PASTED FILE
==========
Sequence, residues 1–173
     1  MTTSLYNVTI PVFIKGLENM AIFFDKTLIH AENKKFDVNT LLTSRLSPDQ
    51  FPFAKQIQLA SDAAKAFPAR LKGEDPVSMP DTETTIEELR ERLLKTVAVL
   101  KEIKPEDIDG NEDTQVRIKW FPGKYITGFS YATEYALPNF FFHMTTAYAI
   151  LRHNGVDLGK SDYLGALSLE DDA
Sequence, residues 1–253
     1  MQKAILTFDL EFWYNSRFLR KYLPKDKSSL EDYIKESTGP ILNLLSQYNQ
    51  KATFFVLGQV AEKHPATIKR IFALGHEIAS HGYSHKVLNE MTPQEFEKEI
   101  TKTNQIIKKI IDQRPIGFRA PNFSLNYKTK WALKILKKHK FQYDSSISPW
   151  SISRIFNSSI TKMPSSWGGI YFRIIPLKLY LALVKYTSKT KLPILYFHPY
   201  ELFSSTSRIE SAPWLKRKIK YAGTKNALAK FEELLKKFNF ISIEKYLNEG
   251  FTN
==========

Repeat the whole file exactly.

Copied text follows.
Sequence, residues 1–173
     1  MTTSLYNVTI PVFIKGLENM AIFFDKTLIH AENKKFDVNT LLTSRLSPDQ
    51  FPFAKQIQLA SDAAKAFPAR LKGEDPVSMP DTETTIEELR ERLLKTVAVL
   101  KEIKPEDIDG NEDTQVRIKW FPGKYITGFS YATEYALPNF FFHMTTAYAI
   151  LRHNGVDLGK SDYLGALSLE DDA
Sequence, residues 1–253
     1  MQKAILTFDL EFWYNSRFLR KYLPKDKSSL EDYIKESTGP ILNLLSQYNQ
    51  KATFFVLGQV AEKHPATIKR IFALGHEIAS HGYSHKVLNE MTPQEFEKEI
   101  TKTNQIIKKI IDQRPIGFRA PNFSLNYKTK WALKILKKHK FQYDSSISPW
   151  SISRIFNSSI TKMPSSWGGI YFRIIPLKLY LALVKYTSKT KLPILYFHPY
   201  ELFSSTSRIE SAPWLKRKIK YAGTKNALAK FEELLKKFNF ISIEKYLNEG
   251  FTN